“The worst thing that could happen is for users to lose faith in encryption-enabled tools and stop using them.”
WikiLeaks recently released what it claims to be the global hacking arsenal of the U.S. Central Intelligence Agency (CIA): a trove of 8,761 documents and files comprising “malware, viruses, trojans, weaponized ‘zero day’ exploits, malware remote control systems and associated documentation.”
Code-named “Vault 7”, the dump came from “an isolated, high-security network situated inside the CIA’s Center for Cyber Intelligence in Langley, Virgina.” According to Wikileaks, in addition to developing its own hacking tools, the CIA also harnessed the power of the surveillance tools created by professional hackers, cybersecurity companies, security researchers, and other key players in the intelligence game, including the National Security Agency (NSA) and the UK’s Government Communications Headquarters (GCHQ).
No need to panic here. The dump confirms that encrypted messaging apps such as Signal and WhatsApp are still ordinary citizens’ first line of defence against government spying.
Encryption is a method of protecting data and communications from unintended eyes, including those of authoritarian regimes and criminals profiting from our private data. It ensures that the communication you sent across the internet is turned in pure gobbledygook, almost impossible for unintended recipients to unscramble. Only you and the intended recipient, who must have a “decryption key” or password, can make sense of the communication.
Still, it’s important to appreciate the fact that the release is freaking out a lot of people to the point of losing faith in encrypted communication apps. That reaction is understandable. Reading WikiLeaks’ “Vault 7” intro information and the media’s coverage of the dump, one gets the impression that spying agencies are now able to bypass the security offered by encrypted messaging apps.
Introducing “Vault 7”, WikiLeaks tweeted:
— WikiLeaks (@wikileaks) March 7, 2017
WikiLeaks also claims that the CIA’s new spying techniques permit the agency to “bypass the encryption of WhatsApp, Signal, Telegram, Wiebo, Confide and Cloackman by hacking the “smart” phones that they run on and collecting audio and message traffic before encryption is applied.”
According to WikiLeaks:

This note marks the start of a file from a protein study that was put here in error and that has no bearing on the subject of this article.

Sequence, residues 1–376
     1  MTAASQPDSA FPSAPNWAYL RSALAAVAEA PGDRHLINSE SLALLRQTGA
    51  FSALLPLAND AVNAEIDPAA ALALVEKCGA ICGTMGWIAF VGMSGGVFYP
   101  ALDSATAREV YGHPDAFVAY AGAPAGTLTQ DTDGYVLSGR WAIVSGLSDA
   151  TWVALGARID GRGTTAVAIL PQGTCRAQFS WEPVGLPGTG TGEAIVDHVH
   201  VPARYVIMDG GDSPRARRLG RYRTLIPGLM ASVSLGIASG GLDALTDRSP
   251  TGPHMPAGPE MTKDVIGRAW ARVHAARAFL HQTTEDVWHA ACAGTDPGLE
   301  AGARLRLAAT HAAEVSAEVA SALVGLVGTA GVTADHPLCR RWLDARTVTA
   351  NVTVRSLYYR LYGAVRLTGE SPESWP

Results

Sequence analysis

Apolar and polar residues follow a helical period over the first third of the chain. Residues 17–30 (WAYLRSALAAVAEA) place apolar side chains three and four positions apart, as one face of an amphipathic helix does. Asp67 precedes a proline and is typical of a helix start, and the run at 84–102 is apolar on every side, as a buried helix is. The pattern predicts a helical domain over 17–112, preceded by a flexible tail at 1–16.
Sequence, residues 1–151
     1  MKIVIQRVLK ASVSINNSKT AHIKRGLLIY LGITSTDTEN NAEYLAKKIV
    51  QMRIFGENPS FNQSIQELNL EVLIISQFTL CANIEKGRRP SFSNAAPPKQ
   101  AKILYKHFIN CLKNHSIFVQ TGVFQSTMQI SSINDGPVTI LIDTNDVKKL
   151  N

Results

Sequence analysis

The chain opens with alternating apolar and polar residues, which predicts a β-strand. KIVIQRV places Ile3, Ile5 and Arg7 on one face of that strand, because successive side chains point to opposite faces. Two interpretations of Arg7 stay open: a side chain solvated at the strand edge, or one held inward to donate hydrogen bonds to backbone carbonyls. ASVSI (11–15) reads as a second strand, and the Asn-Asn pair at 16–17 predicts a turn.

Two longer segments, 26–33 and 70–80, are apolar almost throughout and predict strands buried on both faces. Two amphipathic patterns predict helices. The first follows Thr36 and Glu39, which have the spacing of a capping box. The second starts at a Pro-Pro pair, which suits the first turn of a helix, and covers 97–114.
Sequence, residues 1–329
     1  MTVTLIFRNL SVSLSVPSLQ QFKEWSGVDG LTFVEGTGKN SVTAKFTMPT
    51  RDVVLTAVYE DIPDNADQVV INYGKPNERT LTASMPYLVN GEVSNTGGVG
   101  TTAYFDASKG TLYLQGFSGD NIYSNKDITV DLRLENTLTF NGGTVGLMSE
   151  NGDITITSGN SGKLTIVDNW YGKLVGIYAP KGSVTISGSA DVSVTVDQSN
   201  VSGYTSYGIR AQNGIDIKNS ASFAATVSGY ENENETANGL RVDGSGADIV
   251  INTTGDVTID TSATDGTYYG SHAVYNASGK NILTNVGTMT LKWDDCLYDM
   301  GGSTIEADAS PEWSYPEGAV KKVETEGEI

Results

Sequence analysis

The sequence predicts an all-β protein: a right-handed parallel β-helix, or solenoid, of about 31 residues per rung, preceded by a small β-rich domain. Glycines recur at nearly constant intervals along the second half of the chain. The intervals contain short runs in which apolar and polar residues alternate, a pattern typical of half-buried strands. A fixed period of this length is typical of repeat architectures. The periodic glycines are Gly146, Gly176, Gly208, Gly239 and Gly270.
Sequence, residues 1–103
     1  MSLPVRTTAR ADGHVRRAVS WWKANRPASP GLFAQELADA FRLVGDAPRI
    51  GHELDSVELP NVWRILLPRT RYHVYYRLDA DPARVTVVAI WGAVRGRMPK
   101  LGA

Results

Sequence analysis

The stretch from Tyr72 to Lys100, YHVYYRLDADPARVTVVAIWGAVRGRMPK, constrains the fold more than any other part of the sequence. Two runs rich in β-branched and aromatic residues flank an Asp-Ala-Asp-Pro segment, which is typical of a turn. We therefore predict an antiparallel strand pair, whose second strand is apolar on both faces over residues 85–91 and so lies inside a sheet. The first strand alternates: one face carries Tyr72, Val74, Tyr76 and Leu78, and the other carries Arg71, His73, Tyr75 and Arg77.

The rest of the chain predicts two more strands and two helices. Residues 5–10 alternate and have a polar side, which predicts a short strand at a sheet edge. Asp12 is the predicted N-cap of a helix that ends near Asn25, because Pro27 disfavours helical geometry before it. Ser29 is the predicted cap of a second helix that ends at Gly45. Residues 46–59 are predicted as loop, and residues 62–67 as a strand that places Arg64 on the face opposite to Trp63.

The CIA’s Mobile Devices Branch (MDB) developed numerous attacks to remotely hack and control popular smart phones. Infected phones can be instructed to send the CIA the user’s geolocation, audio and text communications as well as covertly activate the phone’s camera and microphone.
Reading major global publications such as the Independent (UK) and New York Times gives the impression that the CIA has found ways to exploit vulnerabilities in the devices ordinary people now heavily rely on at home and work, essential computer software, and iOS and Android operating systems. One is tempted to conclude that the CIA has developed new software capable of cracking into or taking full control of Android smartphones and Apple iPhones.
On March 7, 2017, Edward Snowden, the former NSA contractor who blew the whistle on the agency’s expansive armory of surveillance tools back in 2013, tweeted:
Evidence mounts showing CIA & FBI knew about catastrophic weaknesses in the most-used smartphones in America, but kept them open — to spy. https://t.co/mDyVred3H8
— Edward Snowden (@Snowden) March 7, 2017
So, how are we expected to process the”Vault 7″ dump? Below are a few things to consider:
First, civil libertarians suggest caution before pushing the panic button. Cindy Cohn, the executive director of the Electronic Frontier Foundation (EFF), a San Francisco-based group specializing in online privacy and digital rights, recently blogged:
While we are still reviewing the material, we have not seen any indications that the encryption of popular privacy apps such as Signal and WhatsApp has been broken. We believe that encryption still offers significant protection against surveillance. The worst thing that could happen is for users to lose faith in encryption-enabled tools and stop using them.
Second, leading tech companies whose software was allegedly breached, such as Apple, Google and Microsoft, say they have since fixed many of the vulnerabilities the CIA may have exploited.
Third, breaching end-to-end encryption is damn expensive. Big Brother would need gargantuan amounts of computing power and time to decipher encrypted communications. That leaves spies with these limited options: a) Targeting only high-priority individuals; b) Resorting to old school surveillance techniques, such as bugging phones and following targets around; c) Installing malware on individual targeted devices to harvest communications before encryption takes effect.
The bottom line is: encryption works.
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